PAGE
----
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Yulia Lerner, Nava Rubin; Neural modulations during perceptual bi-stability away from equi-dominance are common to two different ambiguous displays. Journal of Vision 2009;9(8):279. doi: 10.1167/9.8.279.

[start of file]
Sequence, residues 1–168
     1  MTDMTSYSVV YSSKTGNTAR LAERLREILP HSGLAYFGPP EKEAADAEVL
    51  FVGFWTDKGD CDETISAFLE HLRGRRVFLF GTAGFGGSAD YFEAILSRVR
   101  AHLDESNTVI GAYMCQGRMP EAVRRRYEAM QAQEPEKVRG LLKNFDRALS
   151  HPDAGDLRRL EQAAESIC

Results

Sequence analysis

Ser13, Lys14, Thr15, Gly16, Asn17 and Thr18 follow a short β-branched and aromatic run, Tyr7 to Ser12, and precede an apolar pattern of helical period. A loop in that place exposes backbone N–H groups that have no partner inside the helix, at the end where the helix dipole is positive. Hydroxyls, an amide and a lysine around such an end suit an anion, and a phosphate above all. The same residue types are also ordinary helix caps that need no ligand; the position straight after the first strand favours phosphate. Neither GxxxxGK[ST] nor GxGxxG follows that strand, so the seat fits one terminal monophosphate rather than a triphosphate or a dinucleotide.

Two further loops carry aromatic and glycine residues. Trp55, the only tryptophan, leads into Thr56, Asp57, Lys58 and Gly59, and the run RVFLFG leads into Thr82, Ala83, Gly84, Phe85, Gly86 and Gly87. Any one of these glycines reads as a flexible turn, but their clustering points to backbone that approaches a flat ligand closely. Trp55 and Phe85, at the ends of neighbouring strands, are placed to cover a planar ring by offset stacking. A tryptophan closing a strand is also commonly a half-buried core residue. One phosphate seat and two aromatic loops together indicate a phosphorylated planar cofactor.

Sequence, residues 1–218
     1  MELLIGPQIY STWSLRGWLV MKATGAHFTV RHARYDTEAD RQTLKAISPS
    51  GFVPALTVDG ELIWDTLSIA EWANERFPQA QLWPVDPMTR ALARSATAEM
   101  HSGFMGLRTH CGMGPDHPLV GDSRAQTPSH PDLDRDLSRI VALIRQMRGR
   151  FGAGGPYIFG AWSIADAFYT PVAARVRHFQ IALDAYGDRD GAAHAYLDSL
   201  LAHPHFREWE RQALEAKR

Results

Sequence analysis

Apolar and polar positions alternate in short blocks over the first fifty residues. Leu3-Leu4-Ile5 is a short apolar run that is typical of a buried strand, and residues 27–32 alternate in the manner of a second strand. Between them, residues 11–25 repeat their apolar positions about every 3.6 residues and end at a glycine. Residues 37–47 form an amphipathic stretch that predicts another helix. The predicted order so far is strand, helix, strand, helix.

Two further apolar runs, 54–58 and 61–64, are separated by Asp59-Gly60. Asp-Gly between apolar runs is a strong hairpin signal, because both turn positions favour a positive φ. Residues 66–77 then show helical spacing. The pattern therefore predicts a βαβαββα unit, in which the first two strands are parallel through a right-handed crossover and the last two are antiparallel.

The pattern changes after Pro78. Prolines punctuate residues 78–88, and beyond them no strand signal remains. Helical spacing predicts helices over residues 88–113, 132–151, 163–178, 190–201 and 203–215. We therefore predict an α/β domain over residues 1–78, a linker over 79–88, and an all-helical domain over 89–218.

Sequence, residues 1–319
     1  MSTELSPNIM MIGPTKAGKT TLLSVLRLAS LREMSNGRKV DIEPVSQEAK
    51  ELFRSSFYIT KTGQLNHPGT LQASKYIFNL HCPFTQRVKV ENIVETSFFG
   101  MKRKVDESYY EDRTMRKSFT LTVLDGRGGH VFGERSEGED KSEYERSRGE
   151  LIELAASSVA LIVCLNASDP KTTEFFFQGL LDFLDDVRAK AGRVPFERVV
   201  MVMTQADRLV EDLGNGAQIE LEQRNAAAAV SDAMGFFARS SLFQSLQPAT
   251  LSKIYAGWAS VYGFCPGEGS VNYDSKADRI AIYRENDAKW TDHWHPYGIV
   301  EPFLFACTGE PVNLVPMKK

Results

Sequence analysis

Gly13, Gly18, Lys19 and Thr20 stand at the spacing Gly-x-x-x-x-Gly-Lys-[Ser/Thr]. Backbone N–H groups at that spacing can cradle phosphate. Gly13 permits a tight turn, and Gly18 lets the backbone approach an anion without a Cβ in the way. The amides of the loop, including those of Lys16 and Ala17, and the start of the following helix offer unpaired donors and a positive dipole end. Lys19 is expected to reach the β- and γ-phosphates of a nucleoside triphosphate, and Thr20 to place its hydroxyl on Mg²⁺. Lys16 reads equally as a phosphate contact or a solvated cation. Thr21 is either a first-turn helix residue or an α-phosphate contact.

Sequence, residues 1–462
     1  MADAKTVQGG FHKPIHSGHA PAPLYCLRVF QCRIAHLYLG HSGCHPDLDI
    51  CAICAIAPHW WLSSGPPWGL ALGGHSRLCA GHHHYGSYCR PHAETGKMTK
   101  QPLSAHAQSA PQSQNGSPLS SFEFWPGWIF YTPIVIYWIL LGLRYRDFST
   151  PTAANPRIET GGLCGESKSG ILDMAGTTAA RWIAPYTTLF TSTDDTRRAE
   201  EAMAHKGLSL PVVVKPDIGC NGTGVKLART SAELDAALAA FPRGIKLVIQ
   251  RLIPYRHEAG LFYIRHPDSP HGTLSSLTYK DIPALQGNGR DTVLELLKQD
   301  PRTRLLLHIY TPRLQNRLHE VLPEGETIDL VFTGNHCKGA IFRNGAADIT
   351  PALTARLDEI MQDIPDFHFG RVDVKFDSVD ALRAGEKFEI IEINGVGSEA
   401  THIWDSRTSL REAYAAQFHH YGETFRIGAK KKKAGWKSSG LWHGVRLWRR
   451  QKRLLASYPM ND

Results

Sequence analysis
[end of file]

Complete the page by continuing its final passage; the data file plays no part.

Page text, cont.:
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Perceptual bi-stability occurs when a stimulus offers two distinct, plausible interpretations. Although recent studies significantly advanced our understanding of the neural basis of bi-stability, it remains unclear whether there is a central mechanism of perceptual decision that weights sensory signals for all types of stimuli, or whether switches originate from competition in stimulus-specific networks. To address this question we employed the observation that the prevalence of each competing interpretation - the fraction of time it is dominant - varies continuously with stimulus parameters. While previous fMRI studies used bi-stable stimuli where the two interpretations were roughly equi-dominant, we studied neural activity for parametric configurations away from, as well as at equi-dominance. We used two different types of ambiguous stimuli with correspondingly different, stimulus-relevant parameters: for plaids (Wallach, 1935), increasing the angel between gratings' motion directions increases the prevalence of the transparent-gratings percept; for the occluded diamond (Lorenceau & Shiffrar, 1992), increasing the contrast of the occluders increases the prevalence of the whole-diamond percept. Three different parametric values were used for each stimulus type, chosen so that one interpretation was dominant 75% of the time (prevalent), 50% (equi-dominant), and 25% (non-prevalent), in separate 5 minute runs. In visual cortex, modulations were tied to percept identity (e.g., more active during ‘coherency’), regardless of prevalence (i.e., both when ‘coherency’ was dominant 75% and when it was dominant 25% of the time). In contrast, more anterior regions showed modulations tied to prevalence, not percept - some more active when the prevalent percept was dominant (STS) while many others showed the opposite modulation pattern (pITS, IPS, PoCS, CS, IPrCS, LS). The prevalence-modulation maps were remarkably similar for the two stimulus types, supporting the hypothesis that, additionally to stimulus-specific modulation in sensory cortices, bi-stable alternations involve higher level, distributed cortical networks that are common to different ambiguous stimuli.
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